Report urges major reforms in DCFS



A member of child protection services carries an unharmed 6-month-old boy found at the scene of a triple homicide in a duplex in Rancho Cordova, California, on Tuesday, October 23, 2012. Sacramento County Sheriff's Department officials confirmed that three bodies were found, that of a woman, described as being in her 20s, and her two children — a girl, 3, and a boy, 2 — dead in one room. The 6-month-old boy was found crying but unharmed in another room. (Jose Luis Villegas/Sacramento Bee/MCT)

By Jason Chun

As reported by The Chicago Tribune, a panel of court-appointed experts concluded that the agency displays an “absence of responsibility and accountability” in regards to making sure that children receive the appropriate helpRB.

The report also criticizes the DCFS for the long waits that children have to endure in shelters, group homes, psychiatric hospitals and other restrictive environments after they had already been cleared to move to more lenient settings. Experts referenced statistics that claim that one-third of children waited six months or more to be moved and that the median wait time exceeded 100 daysRB.

“The experts accurately described how the wards of the state have been suffering for years because of the inadequate placements and services for so many of them,” Benjamin Wolf, ACLU legal director, said in the Tribune article. “This is going to be a long and challenging reform process, but we’re hopeful we’ll get there.”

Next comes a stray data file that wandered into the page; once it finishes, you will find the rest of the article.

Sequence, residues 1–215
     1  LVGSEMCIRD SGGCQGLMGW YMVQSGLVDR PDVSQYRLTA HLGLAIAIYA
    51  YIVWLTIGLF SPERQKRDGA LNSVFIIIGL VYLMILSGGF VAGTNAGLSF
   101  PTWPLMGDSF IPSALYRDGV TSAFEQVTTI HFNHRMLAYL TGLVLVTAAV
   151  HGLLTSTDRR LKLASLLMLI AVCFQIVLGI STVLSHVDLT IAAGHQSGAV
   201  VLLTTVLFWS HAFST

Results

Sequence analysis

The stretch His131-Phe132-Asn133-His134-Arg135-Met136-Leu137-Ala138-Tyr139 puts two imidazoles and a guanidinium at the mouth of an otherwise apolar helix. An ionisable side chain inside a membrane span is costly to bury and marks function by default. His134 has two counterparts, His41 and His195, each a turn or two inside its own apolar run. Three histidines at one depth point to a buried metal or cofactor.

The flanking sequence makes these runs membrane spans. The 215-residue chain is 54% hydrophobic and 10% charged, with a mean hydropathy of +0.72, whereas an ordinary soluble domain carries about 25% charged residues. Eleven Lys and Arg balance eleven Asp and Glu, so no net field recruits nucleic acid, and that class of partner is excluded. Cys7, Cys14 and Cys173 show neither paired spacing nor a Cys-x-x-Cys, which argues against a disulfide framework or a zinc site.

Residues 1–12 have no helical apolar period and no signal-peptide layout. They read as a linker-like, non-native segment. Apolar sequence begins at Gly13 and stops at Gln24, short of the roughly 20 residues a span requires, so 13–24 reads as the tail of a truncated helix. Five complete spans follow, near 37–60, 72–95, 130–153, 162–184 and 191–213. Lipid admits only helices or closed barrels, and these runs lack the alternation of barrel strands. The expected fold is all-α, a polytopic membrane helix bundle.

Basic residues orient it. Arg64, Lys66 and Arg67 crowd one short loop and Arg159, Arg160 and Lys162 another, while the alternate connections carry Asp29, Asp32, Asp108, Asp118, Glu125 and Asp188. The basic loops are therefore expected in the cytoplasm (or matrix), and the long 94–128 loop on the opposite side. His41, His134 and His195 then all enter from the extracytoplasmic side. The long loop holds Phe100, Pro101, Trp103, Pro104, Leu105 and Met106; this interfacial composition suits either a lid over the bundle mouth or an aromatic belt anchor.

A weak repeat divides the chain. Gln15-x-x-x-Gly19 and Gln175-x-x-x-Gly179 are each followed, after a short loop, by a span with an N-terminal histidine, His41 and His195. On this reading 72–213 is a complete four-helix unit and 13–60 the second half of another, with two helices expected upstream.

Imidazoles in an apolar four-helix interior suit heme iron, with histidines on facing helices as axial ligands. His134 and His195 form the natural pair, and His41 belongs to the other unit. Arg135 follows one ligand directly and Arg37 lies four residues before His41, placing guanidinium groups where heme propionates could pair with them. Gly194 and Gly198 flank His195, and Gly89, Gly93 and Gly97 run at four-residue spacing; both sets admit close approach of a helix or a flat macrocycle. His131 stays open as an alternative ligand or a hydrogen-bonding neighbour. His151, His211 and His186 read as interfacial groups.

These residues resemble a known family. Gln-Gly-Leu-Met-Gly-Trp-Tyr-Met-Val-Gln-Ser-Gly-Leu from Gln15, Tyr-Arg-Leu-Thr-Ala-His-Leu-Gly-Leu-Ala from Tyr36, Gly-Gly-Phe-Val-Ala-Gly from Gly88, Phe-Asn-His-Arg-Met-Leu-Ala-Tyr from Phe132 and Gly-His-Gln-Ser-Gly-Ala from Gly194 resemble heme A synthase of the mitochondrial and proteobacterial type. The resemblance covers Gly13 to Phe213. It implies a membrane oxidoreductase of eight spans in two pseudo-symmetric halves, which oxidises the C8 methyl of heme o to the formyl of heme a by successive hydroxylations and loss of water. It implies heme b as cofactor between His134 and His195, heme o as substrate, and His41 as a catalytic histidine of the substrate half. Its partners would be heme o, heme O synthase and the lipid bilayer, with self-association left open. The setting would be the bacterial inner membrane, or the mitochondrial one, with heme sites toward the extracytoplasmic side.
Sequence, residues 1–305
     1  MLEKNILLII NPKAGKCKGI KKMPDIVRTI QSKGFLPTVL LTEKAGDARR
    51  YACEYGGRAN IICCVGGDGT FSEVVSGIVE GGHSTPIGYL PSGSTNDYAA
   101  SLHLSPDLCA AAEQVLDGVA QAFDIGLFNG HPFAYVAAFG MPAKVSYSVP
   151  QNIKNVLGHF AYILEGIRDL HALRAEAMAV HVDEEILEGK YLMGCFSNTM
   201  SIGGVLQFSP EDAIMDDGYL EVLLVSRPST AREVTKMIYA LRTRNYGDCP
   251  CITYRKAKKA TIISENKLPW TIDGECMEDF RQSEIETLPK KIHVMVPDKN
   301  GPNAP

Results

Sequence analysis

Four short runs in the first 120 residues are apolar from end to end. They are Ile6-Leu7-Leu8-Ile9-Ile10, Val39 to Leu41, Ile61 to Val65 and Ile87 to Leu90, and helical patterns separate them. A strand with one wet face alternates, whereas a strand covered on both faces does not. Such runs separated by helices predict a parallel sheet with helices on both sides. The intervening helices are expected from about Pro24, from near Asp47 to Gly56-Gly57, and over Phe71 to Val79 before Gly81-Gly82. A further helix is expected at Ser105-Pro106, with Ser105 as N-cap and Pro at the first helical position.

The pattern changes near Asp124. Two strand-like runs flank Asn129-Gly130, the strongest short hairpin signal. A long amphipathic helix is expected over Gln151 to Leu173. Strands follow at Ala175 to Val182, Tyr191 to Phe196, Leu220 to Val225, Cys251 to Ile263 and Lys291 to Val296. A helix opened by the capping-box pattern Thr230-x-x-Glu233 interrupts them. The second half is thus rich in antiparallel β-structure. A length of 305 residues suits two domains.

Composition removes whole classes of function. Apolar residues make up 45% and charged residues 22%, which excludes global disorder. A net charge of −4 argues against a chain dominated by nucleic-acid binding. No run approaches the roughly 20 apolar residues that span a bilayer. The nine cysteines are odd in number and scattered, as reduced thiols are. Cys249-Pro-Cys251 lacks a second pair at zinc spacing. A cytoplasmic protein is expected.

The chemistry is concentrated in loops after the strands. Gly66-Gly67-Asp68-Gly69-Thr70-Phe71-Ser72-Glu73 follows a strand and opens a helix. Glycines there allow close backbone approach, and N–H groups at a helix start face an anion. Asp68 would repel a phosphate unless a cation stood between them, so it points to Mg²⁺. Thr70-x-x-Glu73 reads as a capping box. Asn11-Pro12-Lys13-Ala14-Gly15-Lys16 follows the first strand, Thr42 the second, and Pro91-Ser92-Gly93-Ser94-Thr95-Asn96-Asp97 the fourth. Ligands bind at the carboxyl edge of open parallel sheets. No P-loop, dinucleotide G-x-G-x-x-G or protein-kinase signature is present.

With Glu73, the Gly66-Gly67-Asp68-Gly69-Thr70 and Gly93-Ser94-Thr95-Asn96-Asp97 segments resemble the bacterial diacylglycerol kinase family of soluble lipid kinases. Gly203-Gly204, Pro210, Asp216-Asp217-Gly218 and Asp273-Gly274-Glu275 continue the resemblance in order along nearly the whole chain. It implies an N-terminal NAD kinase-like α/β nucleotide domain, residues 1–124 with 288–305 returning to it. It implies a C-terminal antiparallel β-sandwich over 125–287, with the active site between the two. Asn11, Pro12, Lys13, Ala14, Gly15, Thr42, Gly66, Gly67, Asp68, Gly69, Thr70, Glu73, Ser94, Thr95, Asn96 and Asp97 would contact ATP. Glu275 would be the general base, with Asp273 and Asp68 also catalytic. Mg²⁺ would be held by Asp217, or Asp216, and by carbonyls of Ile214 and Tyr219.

Acting director of DCFS, George Sheldon, said that the report was not surprising and was, “consistent with what I had identified during the period that I’ve been here.”

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    The agency has already been making steps toward addressing the problems pointed out in the report. It is piloting a program that aims to decrease the amount of state wards that are waiting in juvenile detention centers past their release dates due to an inability to find placements for them.

    The DCFS has until the beginning of the new year to address the problems revealed in the report.

    “The Department was pleased that the judge entered the Agreed Order in October and look forward to collaborating with the expert panel and the plaintiffs in the coming months to improve the lives of the children in our care,” a representative for DCFS stated.

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